[tor-project] Future of Tor Messenger

Georg Koppen gk at torproject.org
Thu Oct 26 07:47:00 UTC 2017

Sukhbir Singh:
> * Arthur D. Edelstein:
>> One type of chat that is extremely popular is mobile messaging (text
>> messages, WhatsApp, Facebook Messenger, QQ Mobile, Snapchat etc.) I
>> think a metadata-free mobile messaging app (similar to ricochet) is
>> likely to be much more popular than any desktop chat app. So if we're
>> looking how to transition to a new chat product, I would strongly
>> consider switching to a focus on mobile, regardless of whether it's
>> integrated with the browser.
>> In general, I would advocate taking a cold, hard look at user numbers,
>> both in terms of our own apps and apps in the same markets (chat,
>> email, etc.). I think we should try to focus on what most users want.
> I agree that mobile is important (and indeed in some countries, people just
> use smart phones to communicate) but my (personal) opinion on this topic is
> that mobile is not the platform we want to target, at least with "Tor
> Messenger".  Now of course an argument can be made that we can transition the
> same patches, but that's not the main idea.  I think there are other apps in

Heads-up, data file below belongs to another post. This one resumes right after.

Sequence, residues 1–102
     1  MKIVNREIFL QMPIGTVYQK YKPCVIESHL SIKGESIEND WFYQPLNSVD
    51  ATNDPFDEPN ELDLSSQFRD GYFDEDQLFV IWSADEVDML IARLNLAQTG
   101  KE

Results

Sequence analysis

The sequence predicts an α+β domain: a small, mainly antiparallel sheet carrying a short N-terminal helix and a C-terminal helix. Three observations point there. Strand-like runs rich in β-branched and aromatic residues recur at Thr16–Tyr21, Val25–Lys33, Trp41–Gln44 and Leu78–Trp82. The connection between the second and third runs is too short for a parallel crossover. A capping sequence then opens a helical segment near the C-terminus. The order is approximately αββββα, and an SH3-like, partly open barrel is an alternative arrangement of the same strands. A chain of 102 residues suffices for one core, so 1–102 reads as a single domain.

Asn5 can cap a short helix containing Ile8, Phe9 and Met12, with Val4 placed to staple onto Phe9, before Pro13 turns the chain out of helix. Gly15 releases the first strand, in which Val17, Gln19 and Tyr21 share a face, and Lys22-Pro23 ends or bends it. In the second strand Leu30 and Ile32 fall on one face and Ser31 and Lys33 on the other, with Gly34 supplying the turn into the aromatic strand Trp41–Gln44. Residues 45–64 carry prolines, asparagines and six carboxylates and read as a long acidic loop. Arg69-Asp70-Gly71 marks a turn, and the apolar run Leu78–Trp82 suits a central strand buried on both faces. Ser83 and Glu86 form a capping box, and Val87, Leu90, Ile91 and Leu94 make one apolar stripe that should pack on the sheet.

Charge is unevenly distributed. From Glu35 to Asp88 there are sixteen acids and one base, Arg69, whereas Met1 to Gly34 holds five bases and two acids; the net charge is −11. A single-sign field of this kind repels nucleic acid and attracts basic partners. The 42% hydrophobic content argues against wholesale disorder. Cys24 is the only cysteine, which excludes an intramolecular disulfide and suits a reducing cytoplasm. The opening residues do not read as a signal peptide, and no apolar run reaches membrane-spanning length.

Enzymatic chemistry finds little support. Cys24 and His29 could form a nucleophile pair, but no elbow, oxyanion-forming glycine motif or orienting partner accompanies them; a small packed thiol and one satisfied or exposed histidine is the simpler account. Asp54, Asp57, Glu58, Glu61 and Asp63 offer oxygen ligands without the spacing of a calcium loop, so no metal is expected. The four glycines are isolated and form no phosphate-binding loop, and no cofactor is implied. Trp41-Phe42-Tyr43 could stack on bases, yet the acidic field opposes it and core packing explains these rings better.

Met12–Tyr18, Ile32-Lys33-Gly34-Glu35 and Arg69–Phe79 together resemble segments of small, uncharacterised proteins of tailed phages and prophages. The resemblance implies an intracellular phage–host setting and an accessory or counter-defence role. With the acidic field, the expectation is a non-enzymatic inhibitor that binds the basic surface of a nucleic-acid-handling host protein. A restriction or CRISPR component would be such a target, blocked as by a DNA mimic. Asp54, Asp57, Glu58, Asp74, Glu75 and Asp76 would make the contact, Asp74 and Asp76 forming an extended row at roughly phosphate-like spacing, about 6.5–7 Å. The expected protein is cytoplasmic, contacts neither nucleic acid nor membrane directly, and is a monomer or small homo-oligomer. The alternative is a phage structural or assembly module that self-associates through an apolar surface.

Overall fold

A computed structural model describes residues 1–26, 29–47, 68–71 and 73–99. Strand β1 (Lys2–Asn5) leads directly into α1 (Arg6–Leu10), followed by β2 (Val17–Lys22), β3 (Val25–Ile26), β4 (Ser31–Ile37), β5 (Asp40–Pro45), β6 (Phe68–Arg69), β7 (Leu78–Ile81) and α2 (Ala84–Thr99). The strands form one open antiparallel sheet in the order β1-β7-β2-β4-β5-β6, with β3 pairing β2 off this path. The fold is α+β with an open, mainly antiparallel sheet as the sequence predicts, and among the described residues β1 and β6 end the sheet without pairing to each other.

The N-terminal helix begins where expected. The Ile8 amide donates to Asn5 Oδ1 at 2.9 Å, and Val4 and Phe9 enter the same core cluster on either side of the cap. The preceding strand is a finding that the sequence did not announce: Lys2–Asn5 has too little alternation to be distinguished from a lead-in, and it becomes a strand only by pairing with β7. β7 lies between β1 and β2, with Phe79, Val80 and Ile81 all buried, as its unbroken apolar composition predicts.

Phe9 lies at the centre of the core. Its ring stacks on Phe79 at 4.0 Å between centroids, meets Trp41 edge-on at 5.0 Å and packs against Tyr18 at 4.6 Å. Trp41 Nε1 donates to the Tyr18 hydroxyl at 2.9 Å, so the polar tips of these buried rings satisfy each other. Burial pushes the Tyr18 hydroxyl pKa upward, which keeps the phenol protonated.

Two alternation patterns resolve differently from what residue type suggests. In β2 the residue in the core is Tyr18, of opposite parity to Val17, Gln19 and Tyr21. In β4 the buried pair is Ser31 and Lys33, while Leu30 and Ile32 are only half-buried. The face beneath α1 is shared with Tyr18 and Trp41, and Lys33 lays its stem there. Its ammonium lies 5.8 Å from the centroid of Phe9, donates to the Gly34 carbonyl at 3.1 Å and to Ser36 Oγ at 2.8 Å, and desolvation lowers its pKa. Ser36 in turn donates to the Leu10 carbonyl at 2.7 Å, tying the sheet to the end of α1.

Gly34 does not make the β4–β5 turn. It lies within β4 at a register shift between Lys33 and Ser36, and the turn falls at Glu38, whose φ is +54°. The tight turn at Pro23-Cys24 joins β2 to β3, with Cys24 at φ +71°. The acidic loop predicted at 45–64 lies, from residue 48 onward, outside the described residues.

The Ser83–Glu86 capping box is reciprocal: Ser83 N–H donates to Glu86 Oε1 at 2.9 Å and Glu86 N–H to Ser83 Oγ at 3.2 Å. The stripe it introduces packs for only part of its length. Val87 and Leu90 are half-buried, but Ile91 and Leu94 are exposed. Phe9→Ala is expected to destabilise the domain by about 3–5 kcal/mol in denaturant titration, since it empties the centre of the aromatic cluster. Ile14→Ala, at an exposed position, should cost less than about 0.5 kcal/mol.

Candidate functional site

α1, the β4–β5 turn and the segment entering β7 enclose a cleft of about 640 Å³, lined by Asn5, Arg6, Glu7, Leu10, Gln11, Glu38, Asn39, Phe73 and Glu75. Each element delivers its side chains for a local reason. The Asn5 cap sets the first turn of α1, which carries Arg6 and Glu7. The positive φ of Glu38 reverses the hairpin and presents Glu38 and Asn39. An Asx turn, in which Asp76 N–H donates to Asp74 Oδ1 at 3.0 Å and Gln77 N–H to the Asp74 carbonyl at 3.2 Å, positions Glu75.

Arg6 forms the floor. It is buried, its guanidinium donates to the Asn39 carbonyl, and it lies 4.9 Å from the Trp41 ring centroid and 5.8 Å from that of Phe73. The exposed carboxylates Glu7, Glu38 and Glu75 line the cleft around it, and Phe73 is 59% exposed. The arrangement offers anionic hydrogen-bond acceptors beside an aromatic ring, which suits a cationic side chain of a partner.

> the space already that are doing a better job than we could, unless of course
> we work on something like Ricochet for smartphones. That is why when asked,
> "Is there something like Tor Messenger for mobile?" to which our answer has
> been, "No and there are no plans. Use Signal/something by the Guardian
> Project."
> The kind of users I (and I cannot speak for the rest of the team) have in mind
> with something like "Tor Messenger" are the ones that need to use messaging on
> desktop for Twitter, XMPP, IRC, and that we can enable them to do so securely.
> Unless of course we do something like Ricochet on mobile, which would then beg
> the question if we should abandon the desktop space altogether and leave it to
> Pidgin and Adium?

Tor Messenger is a nice experiment and I think we have learned a lot so
far. Now that a central part of it, Instantbird, is officially dead it's
a good time to think about requirements for the next chat application we
plan (if we want to have any at all). From my point of view there are at
least two of those requirements:

1) It should not be a desktop-only application. Given that we hope to
reach mobile-only users not planning with them in mind does not sound
right to me. Moreover, I bet there are a bunch of non-mobile-only users
that are using mobile heavily as well and who don't want to have
different chat applications with different UI, different functionality
etc. for different devices. They want to communicate with their friends
the same way regardless whether they are on mobile or not. You would not
want to make a Windows-only chat application either because most of our
users are currently on that platform, right (and they might be the ones
that need a secured chat environment the most)? So, let's tear this
desktop/mobile barrier down while thinking about the future.

2) It should support onion service-based chat protocols. Those are a
good showcase for metadata-free chat/messaging and we should support
that + convince users to switch to them.


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